In 1886 New York City, the tenement fire killed Ma and Da Gallagher, leaving their three offspring orphaned. The oldest eight year old Maelle has no time for grief as she watches adults split the trio into different families. She gives the new parents of baby Molly the family bible and she gives her brother Mattie the family photo. She vows to them to one day find them even as everyone calls her Mike as her short haircut leaves her looking like a boy. In 1902 Louisiana, traveling photographer Mike Watts continues her search for Mattie and Molly. Mattie has spent a lifetime being discarded by one family after another as he currently lives in Texas. Teenaged Molly was too young to remember the fire, her siblings, her biological parents, or even her birth name as the only family Isabelle as she is called ever had was the Standlers of Kansas City and they just died but her older Standler brother scornfully informs her who she truly is. --- Although the plot device of having siblings separated via the orphan trains with one eventually seeking the others has been used a lot, Kim Vogel Sawyer refreshes it in MY HEART REMEMBERS by rotating the story line between the three lead characters. Thus the audience obtains a deep look at what happened to the trio a decade and a half after the fire radically changed each of their lives. Historical fiction fans will appreciate the saga of the three Gallaghers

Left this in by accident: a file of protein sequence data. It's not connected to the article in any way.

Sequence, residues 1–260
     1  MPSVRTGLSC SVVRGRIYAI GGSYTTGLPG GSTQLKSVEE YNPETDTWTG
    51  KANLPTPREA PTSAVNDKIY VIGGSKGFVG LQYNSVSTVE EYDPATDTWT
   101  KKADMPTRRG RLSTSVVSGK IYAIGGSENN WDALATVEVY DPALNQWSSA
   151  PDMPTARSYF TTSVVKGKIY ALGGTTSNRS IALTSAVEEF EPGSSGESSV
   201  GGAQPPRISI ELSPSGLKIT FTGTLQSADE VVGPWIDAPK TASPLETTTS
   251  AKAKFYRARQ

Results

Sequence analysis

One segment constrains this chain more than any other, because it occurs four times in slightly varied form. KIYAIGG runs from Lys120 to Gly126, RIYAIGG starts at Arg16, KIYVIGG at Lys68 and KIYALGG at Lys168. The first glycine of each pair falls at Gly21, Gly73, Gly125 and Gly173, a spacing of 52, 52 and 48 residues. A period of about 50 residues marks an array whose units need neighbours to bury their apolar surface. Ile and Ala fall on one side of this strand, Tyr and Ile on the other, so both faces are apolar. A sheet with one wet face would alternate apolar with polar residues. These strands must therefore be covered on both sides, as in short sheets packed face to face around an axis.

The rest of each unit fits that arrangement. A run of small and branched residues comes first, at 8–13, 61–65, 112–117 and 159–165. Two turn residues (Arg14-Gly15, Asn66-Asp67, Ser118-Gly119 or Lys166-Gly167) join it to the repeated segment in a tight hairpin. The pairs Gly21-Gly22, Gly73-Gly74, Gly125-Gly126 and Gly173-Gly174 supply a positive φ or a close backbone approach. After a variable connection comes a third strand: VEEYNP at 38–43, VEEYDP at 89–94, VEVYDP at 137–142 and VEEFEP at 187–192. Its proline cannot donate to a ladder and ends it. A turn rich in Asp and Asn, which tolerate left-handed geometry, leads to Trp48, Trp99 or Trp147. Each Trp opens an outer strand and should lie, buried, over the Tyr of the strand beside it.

I was so glad to find that there was more to the story. I don't read much, but by accident, I got the sequal, but stopped and got this book first and then continued. It was easy to read and kept my interest, which is hard to do, as I'm not an avid reader. Even more, I was surprised about the talk of God and what he does. I was very pleasantly surprized. Wonderful and uplifting.....
Great read by author! Some parts were a little slow, but by the middle of the book I couldn't put it down. I couldn't wait to see how they found each other, and by the end of the book I was in tears wishing there was more to read.
This was a very touching story. Each of the siblings' lives are eye-opening to the conditions of many orphans from the time period of the "orphan trains" of 1854-1929. I enjoyed following each child's journey of faith and the search back to each other.